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HUD’s 2024 Fair Market Rents Average 10%; Second Straight Large Annual Jump

Published by Thomas Stagg on Monday, September 11, 2023 - 12:00AM

Fair market rents–used as the basis for the U.S. Department of Housing and Urban Development (HUD) to set rents for Housing Choice Vouchers (HCV) saw a substantial increase for the second consecutive year. HCVs allow low-income families to access safe and decent housing.

HUD released FMRs for fiscal year 2024 (FY 2024) Aug. 31, with an effective date of Oct. 1.

FMRs also are a critical part of the low-income housing tax credit (LIHTC) and residential rental tax-exempt private activity bond (PAB) programs. FMRs impact the income limits used both for determining who qualifies to live in LIHTC/PAB housing and how much tenants pay to rent that home in high housing cost areas. In addition, many LIHTC and PAB housing units are occupied by tenants who are using HCVs. FMRs also play an important role in setting the high HOME rents.

2024 FMRs: By the Numbers

Like FY 2023, most areas will see a large increase. After anemic increases in FY 2022 FMRs, there have been two consecutive years with an average increase of more 10%. Nearly 99% of all areas will see an increase in FMRs in FY 2024, with the average increase of 10% over the prior year.

The following areas are those with an increase of 20% or more.

Blog Graphic: HUD Areas with an FMR Increase of 20% or More

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As in prior years, there was a slight divide in the increase in FMRs between metro areas and rural areas: The average increase in FMRs for was 10.44% for metro areas and 9.01% for non-metro areas. Larger cities also tended to have an even larger increases in FMRs. See below for the FMR change for the 10 largest U.S. cities:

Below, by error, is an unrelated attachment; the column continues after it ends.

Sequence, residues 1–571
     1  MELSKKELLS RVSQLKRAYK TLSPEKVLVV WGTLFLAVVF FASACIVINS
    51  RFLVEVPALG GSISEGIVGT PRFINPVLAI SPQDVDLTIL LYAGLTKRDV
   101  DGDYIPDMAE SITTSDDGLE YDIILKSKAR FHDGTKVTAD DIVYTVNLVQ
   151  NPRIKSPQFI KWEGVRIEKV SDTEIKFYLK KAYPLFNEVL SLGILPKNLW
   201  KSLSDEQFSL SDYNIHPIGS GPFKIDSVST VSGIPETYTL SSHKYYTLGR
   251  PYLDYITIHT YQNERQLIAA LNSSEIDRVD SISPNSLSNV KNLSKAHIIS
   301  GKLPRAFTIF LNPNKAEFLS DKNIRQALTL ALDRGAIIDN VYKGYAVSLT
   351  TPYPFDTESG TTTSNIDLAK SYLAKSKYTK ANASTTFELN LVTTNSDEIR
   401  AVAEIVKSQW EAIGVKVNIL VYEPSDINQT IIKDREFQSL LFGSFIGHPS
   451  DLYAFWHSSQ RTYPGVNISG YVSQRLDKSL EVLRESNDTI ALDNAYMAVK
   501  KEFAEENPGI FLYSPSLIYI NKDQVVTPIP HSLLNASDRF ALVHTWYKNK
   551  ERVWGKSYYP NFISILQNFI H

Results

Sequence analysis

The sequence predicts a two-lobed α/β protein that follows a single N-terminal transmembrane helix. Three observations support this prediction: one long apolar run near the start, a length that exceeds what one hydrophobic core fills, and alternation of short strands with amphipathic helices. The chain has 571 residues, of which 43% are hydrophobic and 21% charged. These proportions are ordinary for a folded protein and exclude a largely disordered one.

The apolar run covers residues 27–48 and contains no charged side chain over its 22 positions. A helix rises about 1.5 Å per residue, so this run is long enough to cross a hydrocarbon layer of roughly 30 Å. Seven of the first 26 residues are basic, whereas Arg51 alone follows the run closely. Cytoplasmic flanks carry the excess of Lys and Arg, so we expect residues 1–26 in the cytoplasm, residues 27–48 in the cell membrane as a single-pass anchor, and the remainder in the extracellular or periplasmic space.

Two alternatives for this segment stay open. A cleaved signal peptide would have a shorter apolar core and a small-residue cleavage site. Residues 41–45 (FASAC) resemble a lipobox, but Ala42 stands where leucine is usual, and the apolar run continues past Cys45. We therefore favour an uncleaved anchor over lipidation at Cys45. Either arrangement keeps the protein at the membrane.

Blog Graphic: FMR Increases for the 10 Largest U.S. Cities

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If we look at the top 10 states by average change in FMRs, we will see that surprisingly no West Coast states are in the top 10, with Wyoming the westernmost state in the top 10.

Blog Graphic: Top 10 States by Average Change in FMRs

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Surprisingly, California 11% increase (23rd), Florida 11% increase (24th) and Texas 10% increase (27th) were all middle of the pack in terms of the average change in FMR.

Impact to Income Limits

Fair market rents play a part in HUD’s income limit calculation. In determining income limits, HUD applies a high housing cost adjustment to areas where rents are a disproportionate percentage of the area median income (AMI). The high housing cost adjustment is calculated by taking the two-bedroom FMR times 85% divided by 35% times 12, rounded to the nearest $50. If this calculation is greater than 50% of the area median income, then HUD-published very-low income (VLI) limit (the income limit used by LIHTC projects) is increased to this calculated amount–subject to any caps.

For example, if the two-bedroom FMR is $1,750, then the high housing cost adjustment would be $51,000 ($1,750 x .85 ÷.35 x 12). If 50% of AMI for this area is $50,000, then VLI would be adjusted up to $51,000. For this area, HUD would publish a VLI equal to $51,000.

This adjustment is still subject to applicable HUD caps and floors. HUD caps any increase in VLI at the greater of 5% or two times the change in national median income.

Los Angeles is a good example of this concept. It is a high housing cost area and its two-bedroom FMR increased by 9% in 2023. Therefore, if there was no cap on VLI increases for 2023, the LIHTC income and rent limit would increase by 9%. However, due to the cap, the increase in 2023 was limited to 5.92% increase (the cap for 2023). Looking forward to 2024, the FMR for Los Angeles increased by 13%. This means if there was no cap, we would expect the VLI for 2024 to increase by 13% plus the 3% that was not used in 2023, so an increase of around 16%. However, HUD will continue to apply a cap, we don’t know what this cap will be for 2024 but we can assume it will be less than 16%, so income limits in Los Angeles will likely be capped for 2024 and the increase in income limits will equal whatever the HUD cap is.

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